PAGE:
When I teach writing workshops, I find this is one of the hardest things for new writer to grasp. In fact it is very, very often nearly impossible to get a new writer to describe the overall action of their story in a sentence or two. Sometimes this is because there IS no driving action, which – in genre fiction, anyway – is a huge problem. But sometimes there’s a perfectly clear action of the storyline, the writer just hasn’t realized what it is. Once they are able to identify it, a whole lot of extraneous scenes often can get cut, or brought into line with the action of the story, creating much more tension and suspense.
So this is why I use movies so much to teach these concepts – first because they’re a more common frame of reference; there are almost always so many more movies that everyone in a room has seen than books that they have read in common. But also because movies are a stripped-down form of storytelling and it’s easier to remember and identify the main plot actions.
Last week I ended up watching 2012 (okay, so I’m a little behind).
Now, I’m sure in a theater this movie delivered on its primary objective, which was a rollercoaster ride as only Hollywood special effects can provide. I was watching it primarly because I love apocalypse settings and John Cusack, not necessarily in that order. But this is a movie I most likely would have walked out on in a theater, I’m definitely not recommending it, just found it a good illustration of some concepts I am always talking about.
I’m not going to be critical (except to say I was shocked and disturbed at some of the overt cruelty that went on in what was supposedly a family movie), because whether we like it or not, there is obviously a MASSIVE worldwide audience for movies that are primarily about delivering pure sensation. Story isn’t important, nor, apparently, is basic logic. As long as people keep buying enough tickets to these movies to make them profitable, it’s the business of Hollywood to keep churning them out.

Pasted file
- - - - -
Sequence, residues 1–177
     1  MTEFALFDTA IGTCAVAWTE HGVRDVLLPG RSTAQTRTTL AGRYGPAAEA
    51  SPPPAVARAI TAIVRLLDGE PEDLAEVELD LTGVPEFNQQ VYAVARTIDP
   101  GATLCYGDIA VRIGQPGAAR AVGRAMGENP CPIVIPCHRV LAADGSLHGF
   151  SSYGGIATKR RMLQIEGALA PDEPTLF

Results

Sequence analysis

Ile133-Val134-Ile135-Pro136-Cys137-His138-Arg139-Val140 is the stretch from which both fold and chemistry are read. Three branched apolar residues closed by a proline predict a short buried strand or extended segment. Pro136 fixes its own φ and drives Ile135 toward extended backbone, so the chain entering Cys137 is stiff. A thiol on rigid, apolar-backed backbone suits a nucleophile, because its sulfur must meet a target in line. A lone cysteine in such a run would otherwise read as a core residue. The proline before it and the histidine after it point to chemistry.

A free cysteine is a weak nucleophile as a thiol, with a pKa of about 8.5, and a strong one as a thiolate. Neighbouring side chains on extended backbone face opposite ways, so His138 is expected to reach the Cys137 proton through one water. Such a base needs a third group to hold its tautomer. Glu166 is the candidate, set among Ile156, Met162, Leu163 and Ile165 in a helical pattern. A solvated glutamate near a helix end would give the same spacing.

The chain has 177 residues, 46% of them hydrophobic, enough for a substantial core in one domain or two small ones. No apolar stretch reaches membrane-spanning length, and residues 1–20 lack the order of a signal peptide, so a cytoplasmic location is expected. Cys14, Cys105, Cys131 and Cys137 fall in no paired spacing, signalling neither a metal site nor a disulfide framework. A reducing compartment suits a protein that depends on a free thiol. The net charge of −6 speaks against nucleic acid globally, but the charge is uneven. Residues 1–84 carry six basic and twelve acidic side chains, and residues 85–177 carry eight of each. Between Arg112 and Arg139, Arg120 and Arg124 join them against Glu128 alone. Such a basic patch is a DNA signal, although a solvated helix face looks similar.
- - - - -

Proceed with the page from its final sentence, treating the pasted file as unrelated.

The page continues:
But even in this rollercoaster ride of special effects and sensations, there was a clear central PLAN for an audience to hook into, a CENTRAL ACTION that drove the story. Without that plan, 2012 really would have been nothing but a chaos of special effects – as a lot of movies these days are.
If you’ve seen this movie (and I know some of you have…), there is a point in the first act where a truly over-the-top Woody Harrelson as an Art Bell-like conspiracy pirate radio commentator rants to protagonist John Cusack about having a map that shows the location of “spaceships” that the government is stocking to abandon planet when the prophesied end of the world commences.
Although Cusack doesn’t believe it at the time, this is the PLANT (sort of camouflaged by the fact that Woody is a nutjob), that gives the audience the idea of what the PLAN OF ACTION will be: Cusack will have to go back for the map in the midst of all the cataclysm, then somehow get his family to these “spaceships” in order for all of them to survive the end of the world.
The PLAN is reiterated, in dialogue, when Cusack gets back to his family and tells his wife basically exactly what I just said above.
And lo and behold, that’s exactly what happens – it’s not only Cusack’s PLAN, but the central action of the story, that can be summed up as a CENTRAL QUESTION: Will Cusack be able to get his family to the spaceships before the world ends? Or put another way, the CENTRAL STORY ACTION: John Cusack must get his family to the spaceships before the world ends.
Note the ticking clock, there, as well. As if the end of the world weren’t enough, the movie also starts a literal “Twenty-nine minutes to the end of the world!” ticking computer clock at, yes, 29 minutes before the end of the movie.
(Remember, I’ve said ticking clocks are dangerous because of the huge cliché factor. We all need to study structure to know what NOT to do, as well. Did I talk about the clock in WHEN HARRY MET SALLY, yet? Great example of how to turn a cliche into a legitimate urgency.)
A reader/audience really needs to know what the overall PLAN is, even if they only get in a subconscious way. Otherwise they are left floundering, wondering where the hell all of this is going.